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[194]

Chapter 47: freedmen's aid societies and an act of congress creating a Bureau of refugees, freedmen and abandoned lands

During the progress of the war it was a noble characteristic of our home people that they followed the armies with such abundant evidence of their interest and affection. Through the Christian and Sanitary Commissions, they showed themselves in every hospital, on every field after battle, and in every camp. With faithful assiduity they pressed forward an abundance of supplies and agents to distribute them to the front, to such an extent that commanders like Sherman, in the light of what they deemed larger interests, at times were obliged to restrain their ardor; but such restraints were infrequent and caused by a temporary necessity.

Voluntary contributions of $12,440,294.57 of cash expenditures and more than double this amount in clothing and comforts were thus generously given through these two leading commissions. The commissions sought to better the rations, to prevent sickness, to supply the hospitals with all possible home relief, to succor the wounded, and to smooth the pillows of those who could not live. And, really, not the least

Aggregate cash expenditure Sanitary Commission$6,962,014.26
Aggregate cash expenditure Christian Commission5,478,280.31
Total$12,440,294.57

[195] of these happy provisions was centered in the selected agent himself, who brought with him a breath from home, who cheered the weary and suffering, and gave them visions of peace, love, and hope. He made it happier for the sick soldier to live, and easier for the extremely ill and the fatally wounded to die.

Still more remarkable was the almost universal interest, often amounting to enthusiasm, manifested among the people of our Northern, Central, and Western States for the relief of the white refugees and the freed people. The donors who rose up everywhere without stint sought channels to bestow their gifts. They took up, as we have already seen, existing organizations where they could find those willing to do their behests. For example, they used the Christian Commission for the East and Sanitary Commission for the West; also, East and West, the American Tract Society and the American Missionary Association, and many others connected with the Catholic and Protestant Churches. By the chosen agents of these, help was brought to those needy classes-clothing, food, medical attendance, and medical supplies-and always schools; for, as the benevolent actors thought, education was to be the permanent cure for all existing ills.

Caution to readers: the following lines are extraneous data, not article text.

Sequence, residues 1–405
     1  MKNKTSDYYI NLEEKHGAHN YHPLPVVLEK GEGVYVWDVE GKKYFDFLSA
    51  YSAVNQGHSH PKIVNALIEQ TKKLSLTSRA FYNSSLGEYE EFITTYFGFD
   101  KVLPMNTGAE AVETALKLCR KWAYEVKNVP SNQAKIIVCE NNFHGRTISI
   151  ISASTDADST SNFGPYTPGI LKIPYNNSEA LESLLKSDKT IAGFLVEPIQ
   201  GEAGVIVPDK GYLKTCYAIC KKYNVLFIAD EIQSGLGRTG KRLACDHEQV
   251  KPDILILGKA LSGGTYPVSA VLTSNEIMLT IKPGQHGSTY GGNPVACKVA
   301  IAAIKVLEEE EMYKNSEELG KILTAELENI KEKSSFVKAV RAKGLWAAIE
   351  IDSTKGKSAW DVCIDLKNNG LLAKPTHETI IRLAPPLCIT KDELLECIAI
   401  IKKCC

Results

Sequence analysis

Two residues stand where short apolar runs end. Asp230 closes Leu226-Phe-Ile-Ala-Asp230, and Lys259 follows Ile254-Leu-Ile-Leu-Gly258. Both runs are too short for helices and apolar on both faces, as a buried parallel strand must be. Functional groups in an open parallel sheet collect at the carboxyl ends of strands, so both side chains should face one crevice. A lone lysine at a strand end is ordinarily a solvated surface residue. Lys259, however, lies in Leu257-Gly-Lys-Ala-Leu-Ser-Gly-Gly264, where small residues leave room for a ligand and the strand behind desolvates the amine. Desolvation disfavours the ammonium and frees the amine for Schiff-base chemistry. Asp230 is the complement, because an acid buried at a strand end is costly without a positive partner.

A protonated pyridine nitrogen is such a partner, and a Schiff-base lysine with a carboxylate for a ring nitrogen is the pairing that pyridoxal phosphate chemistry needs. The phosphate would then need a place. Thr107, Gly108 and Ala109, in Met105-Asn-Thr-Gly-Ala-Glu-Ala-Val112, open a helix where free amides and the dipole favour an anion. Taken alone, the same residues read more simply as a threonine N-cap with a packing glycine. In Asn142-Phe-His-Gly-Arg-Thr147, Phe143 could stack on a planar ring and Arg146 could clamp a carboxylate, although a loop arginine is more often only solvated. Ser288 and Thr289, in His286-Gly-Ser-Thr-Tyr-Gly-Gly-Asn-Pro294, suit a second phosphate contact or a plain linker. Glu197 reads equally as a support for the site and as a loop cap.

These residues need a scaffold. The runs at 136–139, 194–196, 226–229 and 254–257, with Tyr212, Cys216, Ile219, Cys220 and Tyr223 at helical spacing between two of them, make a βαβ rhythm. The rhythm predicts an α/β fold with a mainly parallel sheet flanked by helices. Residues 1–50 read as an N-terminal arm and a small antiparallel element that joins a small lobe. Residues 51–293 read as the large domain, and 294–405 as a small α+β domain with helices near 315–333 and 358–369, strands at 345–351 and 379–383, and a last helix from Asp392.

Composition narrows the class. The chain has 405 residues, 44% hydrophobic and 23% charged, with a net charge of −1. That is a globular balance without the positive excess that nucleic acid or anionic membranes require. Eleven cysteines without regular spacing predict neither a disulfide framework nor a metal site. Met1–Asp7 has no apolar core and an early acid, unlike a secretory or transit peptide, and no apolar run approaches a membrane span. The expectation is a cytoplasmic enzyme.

The prevailing thought was: The slaves are becoming free; give them knowledge-teach them to readteach the child This work thus undertaken was at first very irregular and spasmodic; only here and there was there any settled system of doing.

The generous enthusiasm for the freedmen pushed the eager home people further still. Unsatisfied with present facilities, they organized new commissions, societies, associations, leagues. The following names of a score of them bear their own interpretation: [196] The Educational Commission of Boston. The Port Royal Relief of Philadelphia. The American Freedmen's Aid Commission.

The Freedmen's Aid Commission of Western Pennsylvania and adjacent parts of West Virginia.

The Western Freedmen's Aid Commission. The Northwestern Freedmen's Aid Commission. The National Freedmen's Aid Commission. The National Freedmen's Relief Association of New York. The Emancipation League of Massachusetts. The New England Freedmen's Aid Society. The Pennsylvania Freedmen's Relief Association.

The Baltimore Association of Moral and Educational Improvement of the Colored People.

Delaware Freedmen's Association. The Ladies' Aid Society of Philadelphia. Friends' Relief Association.